And it is a business. In October 2004, the US government started soliciting proposals for probably the largest contract for international health service delivery in the history of humanity. Two weeks ago, the contract was awarded to a consortium of fifteen institutions, referred to somewhat ominously as ‘the Partnership’. The consortium is a mix of private sector, non-profit and faith-based organizations. But the eye is naturally drawn to one particular member of ‘the Partnership’: Northrop Grumman.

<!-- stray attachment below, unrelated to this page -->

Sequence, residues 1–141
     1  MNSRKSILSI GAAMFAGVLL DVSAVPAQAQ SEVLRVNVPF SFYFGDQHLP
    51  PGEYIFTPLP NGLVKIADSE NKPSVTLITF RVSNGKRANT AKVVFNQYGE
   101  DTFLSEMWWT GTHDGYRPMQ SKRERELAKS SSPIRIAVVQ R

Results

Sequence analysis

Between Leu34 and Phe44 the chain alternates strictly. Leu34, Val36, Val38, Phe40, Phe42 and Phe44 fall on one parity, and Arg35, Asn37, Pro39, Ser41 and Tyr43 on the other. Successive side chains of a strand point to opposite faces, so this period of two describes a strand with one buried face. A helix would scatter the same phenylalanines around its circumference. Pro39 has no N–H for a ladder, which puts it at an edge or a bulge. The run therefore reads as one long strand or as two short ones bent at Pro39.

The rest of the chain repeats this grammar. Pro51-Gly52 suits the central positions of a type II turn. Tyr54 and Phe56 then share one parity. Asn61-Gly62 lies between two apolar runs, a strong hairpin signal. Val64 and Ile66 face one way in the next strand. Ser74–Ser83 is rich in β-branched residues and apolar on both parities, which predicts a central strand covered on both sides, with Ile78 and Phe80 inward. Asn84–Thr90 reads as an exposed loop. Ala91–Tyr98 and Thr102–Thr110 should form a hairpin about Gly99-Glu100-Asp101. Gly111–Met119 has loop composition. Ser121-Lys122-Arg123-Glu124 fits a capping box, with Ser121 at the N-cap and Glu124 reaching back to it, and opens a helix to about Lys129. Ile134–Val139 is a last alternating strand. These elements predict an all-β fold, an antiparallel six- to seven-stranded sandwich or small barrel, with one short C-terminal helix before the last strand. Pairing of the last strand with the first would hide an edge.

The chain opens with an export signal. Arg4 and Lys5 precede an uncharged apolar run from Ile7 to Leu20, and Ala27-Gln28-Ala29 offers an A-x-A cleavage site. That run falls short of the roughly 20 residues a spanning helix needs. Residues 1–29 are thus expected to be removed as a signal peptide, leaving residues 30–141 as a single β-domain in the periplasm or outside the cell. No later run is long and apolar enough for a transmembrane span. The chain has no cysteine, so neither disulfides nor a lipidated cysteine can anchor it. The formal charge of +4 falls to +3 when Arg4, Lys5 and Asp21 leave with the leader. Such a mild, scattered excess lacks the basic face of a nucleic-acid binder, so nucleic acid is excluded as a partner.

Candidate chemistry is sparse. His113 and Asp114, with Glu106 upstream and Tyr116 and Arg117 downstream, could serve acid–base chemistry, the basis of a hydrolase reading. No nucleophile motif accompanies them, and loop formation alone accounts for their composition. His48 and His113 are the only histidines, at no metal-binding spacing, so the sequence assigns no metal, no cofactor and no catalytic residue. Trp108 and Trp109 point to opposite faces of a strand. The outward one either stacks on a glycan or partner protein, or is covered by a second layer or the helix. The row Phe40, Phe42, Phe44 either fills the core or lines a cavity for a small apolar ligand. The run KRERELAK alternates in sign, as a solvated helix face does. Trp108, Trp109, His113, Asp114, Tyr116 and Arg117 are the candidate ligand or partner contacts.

Northrop Grumman is the third largest military contractor in the United States. This is the company that brought us the B-2 stealth bomber (at a cool $2 billion per unit), the unmanned Global Hawk ($10 million each), and a $10 billion contract with the Pentagon to build a missile defense system. The company is also exceedingly well connected, with at least seven former Northrop Grumman officials, consultants or shareholders now holding posts in the Bush administration, including Deputy Secretary of Defense Paul Wolfowitz, Vice Presidential Chief of Staff I. Lewis Libby, Pentagon Comptroller Dov Zakheim, and Sean O’Keefe, director of NASA. Even the President himself finds himself visiting Northop Grumman facilities from time to time.